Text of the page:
"I'm at an age when you think about lightening your load, rather than dumping it on your heirs," said Updike, 72, a two-time Pulitzer Prize winner.

Mark Stolle, owner of Manchester by the Book store, bought Updike's collection. But not all of them will be re-sold cheaply.

In some of the books' margins are handwritten questions and analogies from the novelist and essayist — writings that Updike called his "scribblings." Those editions will go for between $200 and $1,000.

Updike, who counts himself a supporter of independent bookstores, doesn't mind that Stolle is making a profit.

"If he's able to make a few dollars on a few of the review copies scattered in there, all the better. He paid a fair price."

Tuesday, December 14, 2004

The Book-Space Continuum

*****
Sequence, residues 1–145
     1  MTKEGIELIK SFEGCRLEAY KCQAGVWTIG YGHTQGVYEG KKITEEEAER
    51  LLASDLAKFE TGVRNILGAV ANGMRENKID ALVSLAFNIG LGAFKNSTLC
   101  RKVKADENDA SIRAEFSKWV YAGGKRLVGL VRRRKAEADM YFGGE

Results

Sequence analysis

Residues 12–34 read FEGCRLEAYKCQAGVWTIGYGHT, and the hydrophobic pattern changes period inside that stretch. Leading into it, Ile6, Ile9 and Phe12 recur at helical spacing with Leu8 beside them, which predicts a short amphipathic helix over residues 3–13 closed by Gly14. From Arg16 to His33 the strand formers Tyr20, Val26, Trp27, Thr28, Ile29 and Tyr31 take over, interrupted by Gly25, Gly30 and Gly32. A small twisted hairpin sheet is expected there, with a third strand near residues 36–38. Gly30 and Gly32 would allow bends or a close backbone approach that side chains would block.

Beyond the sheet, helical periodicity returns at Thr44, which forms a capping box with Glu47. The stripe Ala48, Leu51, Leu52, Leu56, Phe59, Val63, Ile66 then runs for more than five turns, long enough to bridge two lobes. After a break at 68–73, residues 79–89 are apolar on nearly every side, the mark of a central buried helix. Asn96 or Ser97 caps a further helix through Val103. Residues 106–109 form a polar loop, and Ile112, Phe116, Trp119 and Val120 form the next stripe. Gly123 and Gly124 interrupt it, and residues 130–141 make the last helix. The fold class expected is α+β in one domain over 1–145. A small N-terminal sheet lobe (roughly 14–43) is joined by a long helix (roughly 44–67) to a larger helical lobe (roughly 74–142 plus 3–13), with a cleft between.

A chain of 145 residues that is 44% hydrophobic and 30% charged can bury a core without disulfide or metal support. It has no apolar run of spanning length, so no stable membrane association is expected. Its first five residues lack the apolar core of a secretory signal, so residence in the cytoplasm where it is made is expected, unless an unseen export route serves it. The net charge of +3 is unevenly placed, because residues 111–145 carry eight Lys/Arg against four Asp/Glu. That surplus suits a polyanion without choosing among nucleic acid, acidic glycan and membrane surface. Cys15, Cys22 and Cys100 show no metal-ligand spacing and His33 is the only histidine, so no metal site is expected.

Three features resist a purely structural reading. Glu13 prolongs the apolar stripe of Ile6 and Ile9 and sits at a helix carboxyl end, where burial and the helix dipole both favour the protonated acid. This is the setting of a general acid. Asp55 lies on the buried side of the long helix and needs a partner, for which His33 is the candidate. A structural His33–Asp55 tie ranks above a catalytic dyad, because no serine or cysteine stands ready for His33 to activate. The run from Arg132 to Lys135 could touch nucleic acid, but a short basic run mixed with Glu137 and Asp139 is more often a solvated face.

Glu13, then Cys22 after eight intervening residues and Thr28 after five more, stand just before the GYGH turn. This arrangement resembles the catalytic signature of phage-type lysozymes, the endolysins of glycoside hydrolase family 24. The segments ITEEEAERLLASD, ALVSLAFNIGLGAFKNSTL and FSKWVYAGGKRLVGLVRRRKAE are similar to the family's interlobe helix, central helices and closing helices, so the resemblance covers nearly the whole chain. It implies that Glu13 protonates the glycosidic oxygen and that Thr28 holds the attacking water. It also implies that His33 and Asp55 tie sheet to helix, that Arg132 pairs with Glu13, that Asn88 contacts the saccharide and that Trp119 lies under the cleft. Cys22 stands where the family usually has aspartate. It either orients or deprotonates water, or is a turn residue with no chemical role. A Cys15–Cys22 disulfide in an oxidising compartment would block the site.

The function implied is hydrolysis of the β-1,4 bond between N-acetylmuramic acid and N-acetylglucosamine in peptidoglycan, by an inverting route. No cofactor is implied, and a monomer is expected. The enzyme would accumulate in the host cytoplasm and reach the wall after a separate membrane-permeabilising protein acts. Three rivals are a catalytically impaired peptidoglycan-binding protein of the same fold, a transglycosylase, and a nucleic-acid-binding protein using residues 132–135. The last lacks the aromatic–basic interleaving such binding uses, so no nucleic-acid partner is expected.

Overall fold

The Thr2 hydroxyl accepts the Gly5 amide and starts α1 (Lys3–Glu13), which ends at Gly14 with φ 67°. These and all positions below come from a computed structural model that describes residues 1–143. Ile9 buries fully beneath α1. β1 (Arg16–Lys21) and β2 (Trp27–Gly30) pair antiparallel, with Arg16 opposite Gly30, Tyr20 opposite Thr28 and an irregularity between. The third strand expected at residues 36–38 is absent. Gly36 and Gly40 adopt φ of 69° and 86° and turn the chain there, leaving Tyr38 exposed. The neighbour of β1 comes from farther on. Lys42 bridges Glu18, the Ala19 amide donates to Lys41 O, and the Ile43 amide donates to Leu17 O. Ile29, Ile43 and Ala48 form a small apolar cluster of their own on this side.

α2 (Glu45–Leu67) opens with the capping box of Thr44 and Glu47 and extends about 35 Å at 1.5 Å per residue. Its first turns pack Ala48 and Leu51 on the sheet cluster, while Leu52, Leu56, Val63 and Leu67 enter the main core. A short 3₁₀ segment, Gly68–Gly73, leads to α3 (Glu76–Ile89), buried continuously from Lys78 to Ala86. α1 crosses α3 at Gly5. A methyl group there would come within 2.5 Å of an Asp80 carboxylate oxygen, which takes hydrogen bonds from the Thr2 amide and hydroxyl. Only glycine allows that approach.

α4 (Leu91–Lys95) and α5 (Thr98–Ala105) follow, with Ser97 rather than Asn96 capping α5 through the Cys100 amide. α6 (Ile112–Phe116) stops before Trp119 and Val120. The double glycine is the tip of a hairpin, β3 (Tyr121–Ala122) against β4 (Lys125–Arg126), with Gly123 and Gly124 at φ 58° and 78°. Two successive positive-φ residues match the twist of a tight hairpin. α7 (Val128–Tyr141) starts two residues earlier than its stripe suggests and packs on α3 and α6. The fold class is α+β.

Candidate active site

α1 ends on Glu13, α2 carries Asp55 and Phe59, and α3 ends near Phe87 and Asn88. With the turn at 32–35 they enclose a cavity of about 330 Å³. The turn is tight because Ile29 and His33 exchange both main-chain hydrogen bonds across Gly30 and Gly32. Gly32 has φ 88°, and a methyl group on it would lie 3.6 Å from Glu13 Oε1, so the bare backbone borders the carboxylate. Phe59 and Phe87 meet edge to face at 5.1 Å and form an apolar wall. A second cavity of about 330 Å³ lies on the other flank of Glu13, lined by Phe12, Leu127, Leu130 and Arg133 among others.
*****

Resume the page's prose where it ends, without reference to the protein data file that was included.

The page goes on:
One of the great advantages to being a writer is that you collect books in an accelerated fashion. Before I was published, I used to get books all the time as gifts and from fellow readers who passed along their “must-reads,” knowing I loved nothing more than to dig into a good narrative. When I sold The Tower to Simon & Schuster and paid my first visit to that great, gray building, I couldn’t believe it when my editor waved a hand at wall after wall of filled bookcases and said, “You can pick anything you want and take it with you.” I took a collection of Hemingway short stories, F Scott Fitzgerald letters, two anthologies, a host of thrillers, two science books, and a dictionary (I think he was expecting me to grab a paperback or two for the plane ride home, but he didn’t know who he was dealing with—a days-from-zero-bank-account-balance twenty-two year old). Since then books arrive, blissfully, in fours and fives, sometimes in tens. Galleys for blurbs, packages from agents and lawyers, sets from fellow authors, filled bags from bookseller events. It’s like heaven. The only problem is, the "to-be-read" stack, which used to maintain itself, by some ratio, to the “read” stack, is wholly out of control (I've had to start feeding it). I finally realized I don’t have to save and read EVERY book I’m given, so if something’s outside of my range of interest (which is a damn wide range), after much deliberation, I’ll part with it, but only if I can find it a happy home. After all, you can't just entrust a book to anybody. They’re like puppies, my books, and they keep breeding. I just built in wall-to-wall bookshelves in the biggest room in my house, thinking that would buy me and my wife some relief from the mounds rising from the floor, but to our chagrin, the shelves were almost immediately filled. And the books keep pouring in in gobs. And my friends keep writing them.